Since the Arab Spring in 2011, Tunisia’s new democracy has struggled to enact prudent economic policy to provide employment and opportunity for its young, growing population.
Unemployment is currently at 15 percent, with one-third of jobless youth being university graduates. Inequality is steep, while inflation continues to plague investment.
To overcome the education-employment gap, young Tunisians are taking matters into their own hands. Talented, young university graduates are launching myriad startup companies, creating an impressive wave of civic entrepreneurship throughout the tiny country.
Although there are no official figures available on the number of Tunisian startups, estimates suggest thousands of new companies have been formed over the last five years.
New start after the Arab Spring
The country’s startup scene has in large part expanded since the 2011 revolution, thanks to faster, freer Internet access and advances in technology.
Tunisia’s close proximity to Europe also has enabled entrepreneurs to develop mutual platforms that provide job opportunities for Tunisians seeking salaries higher than local rates, entrepreneur Sadek Ghannouchi explained in an interview with Tunisia Live.
Europe also offers Tunisian startups a larger, more profitable market and the opportunity to attend startup expos to promote their ideas.
Additionally, the launch of Carte Technologique Internationale, a prepaid bank card system, in May this year has been hugely successful for the startup sector. The bank card allows startup entrepreneurs to make payments in foreign currency through foreign sites.
Tunisian startups are finding ways to improve their society and fix endemic economic problems though innovation and creativity.
The startups that have achieved the most success in Tunisia are those that use and create tech products to mobilize communities, encourage civic engagement and fill the void in tech advances left by a sclerotic government.
Secure Drive Company, for example, was founded in 2015, and offers automatic reporting and assistance for car accidents that happen in remote areas. Response time by authorities for accidents in rural areas is often long, but with Secure Drive’s app, users can signal for help more easily.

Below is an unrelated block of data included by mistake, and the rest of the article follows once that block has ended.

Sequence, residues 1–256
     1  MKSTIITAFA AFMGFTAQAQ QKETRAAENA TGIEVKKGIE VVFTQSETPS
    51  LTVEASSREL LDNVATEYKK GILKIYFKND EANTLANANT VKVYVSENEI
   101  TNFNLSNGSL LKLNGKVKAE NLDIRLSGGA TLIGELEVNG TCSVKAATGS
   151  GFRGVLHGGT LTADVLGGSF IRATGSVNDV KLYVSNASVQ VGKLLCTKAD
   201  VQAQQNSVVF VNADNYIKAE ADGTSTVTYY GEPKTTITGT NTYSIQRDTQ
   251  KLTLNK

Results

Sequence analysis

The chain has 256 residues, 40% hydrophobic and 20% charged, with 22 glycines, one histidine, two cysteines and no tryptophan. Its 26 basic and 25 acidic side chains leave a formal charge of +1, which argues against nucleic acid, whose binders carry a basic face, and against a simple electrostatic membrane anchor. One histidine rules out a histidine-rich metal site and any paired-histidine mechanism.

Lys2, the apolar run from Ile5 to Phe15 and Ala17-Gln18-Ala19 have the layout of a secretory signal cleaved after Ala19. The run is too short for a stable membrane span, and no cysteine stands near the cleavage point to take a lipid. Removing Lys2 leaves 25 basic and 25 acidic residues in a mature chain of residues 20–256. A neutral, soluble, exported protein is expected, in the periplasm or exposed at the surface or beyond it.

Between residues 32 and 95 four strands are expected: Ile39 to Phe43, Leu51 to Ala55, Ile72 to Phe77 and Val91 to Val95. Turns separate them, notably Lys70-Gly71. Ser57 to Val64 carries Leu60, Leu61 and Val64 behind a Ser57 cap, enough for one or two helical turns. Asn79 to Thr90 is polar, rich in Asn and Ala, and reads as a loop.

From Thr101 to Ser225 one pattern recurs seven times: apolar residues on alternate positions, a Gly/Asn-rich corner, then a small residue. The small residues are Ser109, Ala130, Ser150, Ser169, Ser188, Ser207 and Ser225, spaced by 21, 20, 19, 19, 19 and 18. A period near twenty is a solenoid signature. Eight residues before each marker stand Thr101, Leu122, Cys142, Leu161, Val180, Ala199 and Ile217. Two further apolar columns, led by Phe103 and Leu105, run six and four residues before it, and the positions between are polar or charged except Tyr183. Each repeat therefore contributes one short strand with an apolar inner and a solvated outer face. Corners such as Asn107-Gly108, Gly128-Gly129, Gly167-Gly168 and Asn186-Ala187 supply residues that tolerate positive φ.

The startup E-Taxi also has gained significant popularity over the last year. The app works similarly to Uber, where users can look for and call cabs to pick them up at any given location.
Founded in 2012, ilboursa.com is Tunisia’s first stock exchange news website. Founder Ismail Ben Sassi started the company with the intention of offering data to help investors in Tunisia make better financial decisions. The site is one of the most visited online sites in the country, averaging 80,000 visitors a month.
Proliferation of startup incubators
Startup incubators have greatly contributed to the success of young companies in Tunisia by helping early seed companies gain the capital and training they need to push their companies into the market.
Startup incubators like the Founder Institute and Boost offer funding, professional training sessions and mentorship programs for young, small companies looking to expand their ideas and improve efficiency.
Educational programs on business and investment strategy have proved immensely useful for young entrepreneurs, as well.
One example includes the Regional Development General Commission’s Integrated Development Program, which aims to collect feedback from local actors and beneficiaries on priority projects, target locations and best options moving forward.
Flat6Labs, a successful incubator that has supported an impressive number of startups in Egypt, Saudi Arabia and the UAE, reportedly will be opening an office in Tunisia in the coming months. Flat6Labs is likely to target entrepreneurs who have an idea, but no minimum viable product (MVP).
The rise of accelerators and continuing investment in entrepreneurship in Tunisia is likely to have significant positive economic repercussions in a country desperate for growth and stability.
Though the outlook remains positive for Tunisia’s burgeoning startup scene, there are remaining structural challenges young companies continue to face.
Public funding, exposure and an opaque investment environment make it difficult for startups to succeed and thrive. Many startups also lack the appropriate legal advice to navigate Tunisia’s cumbersome investment environment.
Startups also struggle to bring in foreign investment because of political risk concerns brought on by civil unrest and violence.
Additionally, the country’s banking sector is weak, especially as GDP growth and lack of investment continues to stumble.
Nevertheless, in spite of these challenges, Tunisian startups are finding ways to improve their society and fix endemic economic problems though innovation and creativity.
As Houssem Aoudi, the CEO of the startup accelerator Cogite, told Tunisia Live: “For me, entrepreneurship is a kind of resistance against unfriendly banking system and our old-fashioned government. Being an entrepreneur offers us a valve to breathe with.”
Moving into 2016, Tunisia will be an important country to watch in the MENA’s startup scene.
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